From the WSJ:
Inflation worries are heating up around the world and jolting financial markets in the process.
On Tuesday, China's stock market was the latest to feel the blow, with the benchmark Shanghai Composite Index tumbling by 7.7%, to its lowest close this year. The drop came after the government announced steps to remove cash from the financial system in an attempt to tamp down inflation.
.....Also Tuesday, officials in Vietnam effectively devalued their currency in a step aimed at easing market pressures related to soaring inflation rates. (See related article.)
And in the U.S., investors sold off U.S. Treasury securities, one day after Federal Reserve Chairman Ben Bernanke warned that the run-up in oil prices is adding to upside risks for inflation. The price of the two year Treasury note, most sensitive to the Fed's moves, has fallen sharply (and its yield has risen) as investors grow convinced that the central bank may have to raise rates this autumn to contain inflation. On Tuesday, the two-year note's yield was 2.9%, up from 2.4% on Friday, marking a major jump in that rate.
Meanwhile, the Bank of Canada surprised markets Tuesday by holding off on an expected interest-rate cut; the central bank said the risk of inflation, driven by high energy prices, had grown too great to allow for further rate cuts. The European Central Bank is also considering interest rate increases to fend off inflation.
European Central Bank board member Juergen Stark damped speculation of a series of interest-rate increases, saying policy makers have signaled only that they may raise borrowing costs in July.
``The markets have understood the Governing Council's signal,'' Stark, 60, said in an interview in Chatham, Massachusetts, late yesterday. ``However, we are not talking about a series of rate increases.''
ECB President Jean-Claude Trichet said last week the bank may raise its benchmark rate by a quarter-point to 4.25 percent in July to curb inflation, which is running at the fastest pace in 16 years. Investors responded by increasing bets on higher borrowing costs. They expect the ECB to lift the key rate twice this year, taking it to 4.5 percent, according to Eonia forward contracts.
Oil prices above $130 a barrel and rising food prices pushed inflation in the 15-nation euro region to 3.6 percent in May, well above the ECB's 2 percent limit. Central banks around the world are changing rate policy in response to surging inflation.
Global Policy Shift
Vietnam, Brazil, Chile, the Philippines and Indonesia all lifted borrowing costs this month. The Bank of Canada yesterday unexpectedly kept its benchmark rate unchanged after four straight reductions. U.S. Federal Reserve Chairman Ben S. Bernanke has also signaled the Fed is done cutting rates, saying this week he'll ``strongly resist'' any surge in inflation expectations.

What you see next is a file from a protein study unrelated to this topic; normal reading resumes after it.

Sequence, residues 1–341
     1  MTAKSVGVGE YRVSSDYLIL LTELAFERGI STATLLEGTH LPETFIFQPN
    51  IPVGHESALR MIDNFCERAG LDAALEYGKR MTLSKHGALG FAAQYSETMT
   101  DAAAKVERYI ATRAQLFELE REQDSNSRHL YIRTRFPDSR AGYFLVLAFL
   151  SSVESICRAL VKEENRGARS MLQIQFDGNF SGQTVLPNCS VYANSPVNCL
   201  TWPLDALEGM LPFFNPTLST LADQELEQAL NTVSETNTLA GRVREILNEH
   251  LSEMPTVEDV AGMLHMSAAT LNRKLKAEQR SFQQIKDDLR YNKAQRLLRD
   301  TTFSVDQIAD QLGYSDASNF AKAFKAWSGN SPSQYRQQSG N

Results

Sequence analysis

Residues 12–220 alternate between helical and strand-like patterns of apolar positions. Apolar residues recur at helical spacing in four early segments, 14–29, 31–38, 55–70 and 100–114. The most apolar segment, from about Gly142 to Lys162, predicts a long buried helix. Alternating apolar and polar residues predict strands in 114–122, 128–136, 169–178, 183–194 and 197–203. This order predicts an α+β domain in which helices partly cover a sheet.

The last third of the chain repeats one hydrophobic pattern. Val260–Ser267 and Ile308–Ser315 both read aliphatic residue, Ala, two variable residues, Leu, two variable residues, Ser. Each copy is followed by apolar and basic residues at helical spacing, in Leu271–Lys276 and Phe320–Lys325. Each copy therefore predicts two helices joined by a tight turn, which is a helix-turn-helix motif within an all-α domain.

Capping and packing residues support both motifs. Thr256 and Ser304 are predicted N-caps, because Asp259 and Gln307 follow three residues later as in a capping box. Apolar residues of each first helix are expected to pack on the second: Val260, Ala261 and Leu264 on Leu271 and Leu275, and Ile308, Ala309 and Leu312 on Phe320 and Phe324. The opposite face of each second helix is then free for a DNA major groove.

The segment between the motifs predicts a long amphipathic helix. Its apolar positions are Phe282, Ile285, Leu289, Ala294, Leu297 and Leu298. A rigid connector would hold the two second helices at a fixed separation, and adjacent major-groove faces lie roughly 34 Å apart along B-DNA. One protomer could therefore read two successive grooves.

Tie this information to the CRB chart below, especially the following points.
1.) The weekly chart is still in a major rally.
2.) The daily chart is still bullishly aligned
3.) The P&F chart shows a series of multiple new highs.
These developments explain the following statement from Bernanke's most recent speech:
Inflation has remained high, largely reflecting sharp increases in the prices of globally traded commodities. Thus far, the pass-through of high raw materials costs to the prices of most other products and to domestic labor costs has been limited, in part because of softening domestic demand. However, the continuation of this pattern is not guaranteed and future developments in this regard will bear close attention. Moreover, the latest round of increases in energy prices has added to the upside risks to inflation and inflation expectations. The Federal Open Market Committee will strongly resist an erosion of longer-term inflation expectations, as an unanchoring of those expectations would be destabilizing for growth as well as for inflation.
NY Fed President Geithner echoed Bernanke's sentiment:
Geithner also said containing global inflation risks will probably require tighter monetary policy. The Fed has cut U.S. interest rates sharply to 2 percent since September, though markets expect it to raise them later this year.
And Treasury Secretary Paulson has supposed dollar intervention which is a de facto way to cure inflation caused by the dropping dollar:
U.S. Treasury Secretary Henry Paulson on Tuesday said he stood by comments made a day earlier in which he said he would never rule out currency intervention as a potential policy tool.
"I'll let my comments stand," Paulson said in an interview with Bloomberg Television. "I never like to say never, but my focus is on long-term fundamentals."
Now -- US officials have talked a good game for awhile, but haven't done anything. Let's see if they are will to act.